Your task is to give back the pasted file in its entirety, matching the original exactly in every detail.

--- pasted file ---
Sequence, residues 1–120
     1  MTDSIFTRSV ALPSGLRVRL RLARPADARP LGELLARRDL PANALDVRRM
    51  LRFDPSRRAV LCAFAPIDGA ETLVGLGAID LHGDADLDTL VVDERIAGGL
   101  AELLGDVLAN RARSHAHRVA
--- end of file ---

Sequence, residues 1–120
     1  MTDSIFTRSV ALPSGLRVRL RLARPADARP LGELLARRDL PANALDVRRM
    51  LRFDPSRRAV LCAFAPIDGA ETLVGLGAID LHGDADLDTL VVDERIAGGL
   101  AELLGDVLAN RARSHAHRVA